Colorado’s Grand Mesa is the longest flat-topped mountain in the world and a winter paradise for skiing, snowshoeing, and harvesting Christmas trees. It’s a 45-minute drive from our home in Grand Junction.

Two year’s later, the boys’ father and I were divorced. I invested in my own tree cutting saw, and while the boys ate Thanksgiving dinner at Nana’s without me, that Saturday we drove to the Grand Mesa and cut our tree without Dad. The familiar comfort of the mountain seemed especially poignant—the clean air, the quiet forest, frosted trees, the thick blankets of powdery snow, no other humans anywhere. Mother Earth remained healthy and vital even if our family was struggling to find the same. Benjamin, wearing shorts in a fit of teenage sass, took his father’s role entirely in a rite of passage. He sawed the tree and held it above his head with one hand while his younger brothers and I posed beneath for the selfie.

This year, as the four of us drove up to the Grand Mesa on Thanksgiving Saturday, we counted over a dozen cars driving down with freshly-cut pines strapped to the roofs—a shocking 1200% increase from years past. What was with the crowd? At first, I felt a little miffed: this is our tradition, people! This is the year all three boys will hold the tree above their heads with one hand! Then, I wondered if a lot of folks aren’t that much different from us: plagued by divorce, domestic stress, and worry over political chaos, they probably find relief in the powerful balm of Mother Earth just as we do.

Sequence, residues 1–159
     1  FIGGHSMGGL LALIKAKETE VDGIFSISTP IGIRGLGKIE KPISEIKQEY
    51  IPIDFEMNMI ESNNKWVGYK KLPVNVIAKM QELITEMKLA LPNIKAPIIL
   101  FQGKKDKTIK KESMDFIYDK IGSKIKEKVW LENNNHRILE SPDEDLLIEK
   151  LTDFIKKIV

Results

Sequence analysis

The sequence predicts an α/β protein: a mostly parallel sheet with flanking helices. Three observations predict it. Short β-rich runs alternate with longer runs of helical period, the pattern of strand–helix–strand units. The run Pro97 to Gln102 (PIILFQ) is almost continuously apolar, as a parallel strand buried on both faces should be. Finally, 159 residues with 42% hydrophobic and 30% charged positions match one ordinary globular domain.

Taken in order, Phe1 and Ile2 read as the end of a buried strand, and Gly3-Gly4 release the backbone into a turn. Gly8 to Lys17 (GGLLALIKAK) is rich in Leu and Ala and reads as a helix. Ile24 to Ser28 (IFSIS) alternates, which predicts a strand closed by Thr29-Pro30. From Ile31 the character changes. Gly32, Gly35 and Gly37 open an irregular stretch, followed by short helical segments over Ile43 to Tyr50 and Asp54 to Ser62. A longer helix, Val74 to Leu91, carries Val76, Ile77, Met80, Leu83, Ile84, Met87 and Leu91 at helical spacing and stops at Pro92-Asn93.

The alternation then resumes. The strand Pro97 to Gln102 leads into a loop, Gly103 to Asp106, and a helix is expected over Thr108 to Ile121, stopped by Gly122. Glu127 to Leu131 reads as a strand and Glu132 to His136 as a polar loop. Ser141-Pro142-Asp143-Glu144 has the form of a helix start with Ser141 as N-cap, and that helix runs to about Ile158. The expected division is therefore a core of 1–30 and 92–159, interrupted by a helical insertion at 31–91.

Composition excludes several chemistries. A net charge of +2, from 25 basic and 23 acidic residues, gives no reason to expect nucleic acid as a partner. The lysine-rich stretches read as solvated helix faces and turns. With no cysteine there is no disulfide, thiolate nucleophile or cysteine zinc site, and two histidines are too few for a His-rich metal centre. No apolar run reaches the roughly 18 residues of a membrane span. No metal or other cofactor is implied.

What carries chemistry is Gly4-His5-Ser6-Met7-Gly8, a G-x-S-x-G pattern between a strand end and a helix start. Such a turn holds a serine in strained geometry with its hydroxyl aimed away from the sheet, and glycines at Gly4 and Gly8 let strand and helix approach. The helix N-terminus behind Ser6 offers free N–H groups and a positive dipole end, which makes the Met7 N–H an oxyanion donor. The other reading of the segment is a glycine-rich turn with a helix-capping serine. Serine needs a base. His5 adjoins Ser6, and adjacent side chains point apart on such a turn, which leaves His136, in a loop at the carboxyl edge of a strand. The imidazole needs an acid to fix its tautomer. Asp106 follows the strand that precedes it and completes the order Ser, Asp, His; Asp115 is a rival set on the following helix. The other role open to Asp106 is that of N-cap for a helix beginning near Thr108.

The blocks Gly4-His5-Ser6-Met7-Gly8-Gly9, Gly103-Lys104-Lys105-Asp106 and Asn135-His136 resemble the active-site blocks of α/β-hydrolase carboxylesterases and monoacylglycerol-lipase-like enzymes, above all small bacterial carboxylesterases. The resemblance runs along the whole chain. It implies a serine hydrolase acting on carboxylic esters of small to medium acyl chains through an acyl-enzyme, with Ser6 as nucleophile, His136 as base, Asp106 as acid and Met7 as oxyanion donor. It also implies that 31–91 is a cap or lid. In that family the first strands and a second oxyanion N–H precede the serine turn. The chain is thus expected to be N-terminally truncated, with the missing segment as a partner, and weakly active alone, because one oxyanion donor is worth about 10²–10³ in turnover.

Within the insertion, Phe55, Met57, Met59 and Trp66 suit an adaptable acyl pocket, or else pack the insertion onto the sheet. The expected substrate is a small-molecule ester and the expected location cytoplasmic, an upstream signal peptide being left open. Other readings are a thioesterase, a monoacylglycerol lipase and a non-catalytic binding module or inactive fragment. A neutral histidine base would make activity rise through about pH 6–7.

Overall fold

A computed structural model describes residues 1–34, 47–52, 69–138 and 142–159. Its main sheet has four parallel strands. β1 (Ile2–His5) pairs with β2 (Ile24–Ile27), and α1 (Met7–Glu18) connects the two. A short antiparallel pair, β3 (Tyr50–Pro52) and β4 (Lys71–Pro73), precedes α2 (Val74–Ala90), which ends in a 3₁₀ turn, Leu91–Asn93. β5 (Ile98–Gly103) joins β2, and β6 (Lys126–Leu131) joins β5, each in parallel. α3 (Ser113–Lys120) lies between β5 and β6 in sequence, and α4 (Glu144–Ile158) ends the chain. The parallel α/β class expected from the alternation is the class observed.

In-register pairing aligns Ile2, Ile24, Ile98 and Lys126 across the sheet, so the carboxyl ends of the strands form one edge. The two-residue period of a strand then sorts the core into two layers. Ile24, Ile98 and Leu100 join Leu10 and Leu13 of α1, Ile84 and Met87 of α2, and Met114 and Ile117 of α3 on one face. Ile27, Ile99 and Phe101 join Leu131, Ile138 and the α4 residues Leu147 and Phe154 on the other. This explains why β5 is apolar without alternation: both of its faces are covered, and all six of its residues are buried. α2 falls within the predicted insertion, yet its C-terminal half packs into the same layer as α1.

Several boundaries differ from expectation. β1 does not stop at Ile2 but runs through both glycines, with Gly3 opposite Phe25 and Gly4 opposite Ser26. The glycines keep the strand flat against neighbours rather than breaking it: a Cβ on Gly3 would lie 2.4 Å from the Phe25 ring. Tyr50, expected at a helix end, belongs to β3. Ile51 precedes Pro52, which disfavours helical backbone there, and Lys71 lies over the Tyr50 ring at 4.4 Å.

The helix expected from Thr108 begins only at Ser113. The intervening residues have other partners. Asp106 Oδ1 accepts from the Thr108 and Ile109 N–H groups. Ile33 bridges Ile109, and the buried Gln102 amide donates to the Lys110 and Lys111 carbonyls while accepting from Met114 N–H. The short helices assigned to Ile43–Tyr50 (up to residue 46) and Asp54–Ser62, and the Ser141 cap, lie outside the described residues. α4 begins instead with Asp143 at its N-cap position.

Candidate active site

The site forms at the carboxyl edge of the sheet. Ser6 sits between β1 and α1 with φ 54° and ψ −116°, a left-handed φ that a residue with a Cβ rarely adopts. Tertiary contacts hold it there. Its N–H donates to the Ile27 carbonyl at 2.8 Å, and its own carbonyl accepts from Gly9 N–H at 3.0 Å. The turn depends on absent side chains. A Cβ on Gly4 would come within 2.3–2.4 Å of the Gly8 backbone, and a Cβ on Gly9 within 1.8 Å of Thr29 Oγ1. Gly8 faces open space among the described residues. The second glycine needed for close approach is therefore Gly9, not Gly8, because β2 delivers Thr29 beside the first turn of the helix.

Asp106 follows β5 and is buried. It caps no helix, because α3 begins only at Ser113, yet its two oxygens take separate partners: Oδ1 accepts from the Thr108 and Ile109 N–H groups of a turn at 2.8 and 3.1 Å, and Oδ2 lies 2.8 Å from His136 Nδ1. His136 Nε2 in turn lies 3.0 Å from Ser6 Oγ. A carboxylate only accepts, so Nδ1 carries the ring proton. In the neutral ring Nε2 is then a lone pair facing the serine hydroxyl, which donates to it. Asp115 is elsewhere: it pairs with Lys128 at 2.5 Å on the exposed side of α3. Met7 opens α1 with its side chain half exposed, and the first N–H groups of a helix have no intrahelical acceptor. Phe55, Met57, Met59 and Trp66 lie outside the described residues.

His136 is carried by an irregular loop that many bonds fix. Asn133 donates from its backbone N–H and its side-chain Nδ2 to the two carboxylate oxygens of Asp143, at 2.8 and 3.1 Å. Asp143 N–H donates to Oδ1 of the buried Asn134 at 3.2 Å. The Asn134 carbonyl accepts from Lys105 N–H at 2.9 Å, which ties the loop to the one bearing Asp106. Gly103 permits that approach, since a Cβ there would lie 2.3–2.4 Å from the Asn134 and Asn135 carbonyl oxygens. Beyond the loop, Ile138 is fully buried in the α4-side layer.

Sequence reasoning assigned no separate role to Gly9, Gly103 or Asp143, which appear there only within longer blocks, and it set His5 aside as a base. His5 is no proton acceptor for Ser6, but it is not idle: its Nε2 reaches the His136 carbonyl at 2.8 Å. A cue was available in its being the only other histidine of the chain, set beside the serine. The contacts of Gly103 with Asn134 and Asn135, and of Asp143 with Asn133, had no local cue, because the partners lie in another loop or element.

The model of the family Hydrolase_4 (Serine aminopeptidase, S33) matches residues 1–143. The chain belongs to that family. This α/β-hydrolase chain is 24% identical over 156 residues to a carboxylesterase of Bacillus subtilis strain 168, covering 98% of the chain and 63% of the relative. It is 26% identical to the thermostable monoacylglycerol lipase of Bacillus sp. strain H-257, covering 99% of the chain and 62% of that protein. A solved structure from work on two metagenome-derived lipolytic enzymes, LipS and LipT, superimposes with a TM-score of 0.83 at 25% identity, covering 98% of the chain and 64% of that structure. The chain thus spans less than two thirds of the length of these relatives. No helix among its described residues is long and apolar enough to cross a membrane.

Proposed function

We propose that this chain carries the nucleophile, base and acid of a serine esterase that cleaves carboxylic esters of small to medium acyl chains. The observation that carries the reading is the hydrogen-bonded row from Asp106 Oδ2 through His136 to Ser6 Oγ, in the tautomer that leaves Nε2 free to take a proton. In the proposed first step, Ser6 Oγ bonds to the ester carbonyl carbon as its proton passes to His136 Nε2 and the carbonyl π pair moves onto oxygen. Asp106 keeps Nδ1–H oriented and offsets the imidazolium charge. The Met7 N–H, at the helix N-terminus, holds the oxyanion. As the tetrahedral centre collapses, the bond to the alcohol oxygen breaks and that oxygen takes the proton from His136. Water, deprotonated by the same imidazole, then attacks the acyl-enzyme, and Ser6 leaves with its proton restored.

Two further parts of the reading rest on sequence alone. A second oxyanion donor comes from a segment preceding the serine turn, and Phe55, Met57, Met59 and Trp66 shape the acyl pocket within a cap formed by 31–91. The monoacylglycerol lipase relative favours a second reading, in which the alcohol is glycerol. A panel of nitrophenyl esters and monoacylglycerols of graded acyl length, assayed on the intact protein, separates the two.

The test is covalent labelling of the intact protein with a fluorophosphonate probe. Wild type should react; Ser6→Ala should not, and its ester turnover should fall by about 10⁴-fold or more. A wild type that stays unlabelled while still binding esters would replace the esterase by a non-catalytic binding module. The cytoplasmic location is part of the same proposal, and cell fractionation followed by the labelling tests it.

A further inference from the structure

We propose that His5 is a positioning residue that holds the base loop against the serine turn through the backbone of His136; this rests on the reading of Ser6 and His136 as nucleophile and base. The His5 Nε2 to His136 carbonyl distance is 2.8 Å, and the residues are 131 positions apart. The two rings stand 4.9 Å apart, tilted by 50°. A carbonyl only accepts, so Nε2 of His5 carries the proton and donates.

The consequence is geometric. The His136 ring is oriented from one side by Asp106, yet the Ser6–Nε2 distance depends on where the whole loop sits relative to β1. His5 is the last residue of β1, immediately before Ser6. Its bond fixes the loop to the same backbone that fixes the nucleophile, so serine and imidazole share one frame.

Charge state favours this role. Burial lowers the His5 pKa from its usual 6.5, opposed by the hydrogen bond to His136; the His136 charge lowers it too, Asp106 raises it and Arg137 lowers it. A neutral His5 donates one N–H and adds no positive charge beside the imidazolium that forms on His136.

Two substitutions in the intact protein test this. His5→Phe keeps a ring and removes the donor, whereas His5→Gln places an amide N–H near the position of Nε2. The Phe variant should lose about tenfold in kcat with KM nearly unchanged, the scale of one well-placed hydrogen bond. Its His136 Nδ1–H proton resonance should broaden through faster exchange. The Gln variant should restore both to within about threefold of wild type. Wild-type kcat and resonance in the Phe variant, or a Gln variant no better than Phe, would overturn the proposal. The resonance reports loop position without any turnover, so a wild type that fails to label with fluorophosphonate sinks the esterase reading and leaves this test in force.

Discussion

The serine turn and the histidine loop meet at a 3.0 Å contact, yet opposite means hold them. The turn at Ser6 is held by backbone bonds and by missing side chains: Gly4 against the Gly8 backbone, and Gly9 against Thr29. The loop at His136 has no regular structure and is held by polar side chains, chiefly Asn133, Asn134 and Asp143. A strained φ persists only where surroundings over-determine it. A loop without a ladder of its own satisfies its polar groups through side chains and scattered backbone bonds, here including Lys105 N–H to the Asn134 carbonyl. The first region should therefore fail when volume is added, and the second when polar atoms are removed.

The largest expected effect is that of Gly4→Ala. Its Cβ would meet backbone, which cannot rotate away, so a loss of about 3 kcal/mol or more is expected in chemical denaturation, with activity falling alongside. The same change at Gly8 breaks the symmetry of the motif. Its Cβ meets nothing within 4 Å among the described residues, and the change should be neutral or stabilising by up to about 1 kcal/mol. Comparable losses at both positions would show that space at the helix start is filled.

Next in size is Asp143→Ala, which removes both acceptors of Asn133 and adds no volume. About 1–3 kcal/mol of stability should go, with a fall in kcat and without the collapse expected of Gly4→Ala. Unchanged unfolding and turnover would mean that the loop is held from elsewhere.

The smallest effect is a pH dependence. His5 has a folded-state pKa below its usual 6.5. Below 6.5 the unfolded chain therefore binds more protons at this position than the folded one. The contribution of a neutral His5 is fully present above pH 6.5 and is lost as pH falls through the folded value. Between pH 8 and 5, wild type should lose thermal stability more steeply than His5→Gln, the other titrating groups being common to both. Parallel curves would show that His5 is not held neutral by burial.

My kitchen smells like pine as I type this, a scent that now represents five decades of our tradition thumbing its nose at loss. Marriage came and went. The tree farm sprouted and disappeared. Children are babes and then they are men. Still, the forest remains. This scent reminds me the Grand Mesa’s medicine is in the grounding rhythm of its clean, calm, wintery expanse. The scent reminds me it’s more important than ever to value wild places like the Grand Mesa, to be thankful for Her comfort and care of my family during our craziness. It makes me want to repay Her with everything in my power to protect her: reusing, recycling, buying local and organic, using non-toxic and biodegradable products, breathing deeply of her scents, and yes, harvesting our Christmas tree.

Are you like one of those families we saw coming down off the mountain? Are you part of this growing movement of people who take the earth’s comfort as a personal gift? If you’ve taken the time to read this far, take an extra minute and share your thoughts in the comments.

Leah is a freelance blog writer, singer, and earth-loving mama. She loves supporting Pro-Tek Chemical because of its bio-degradable, non-toxic, earth-friendly products.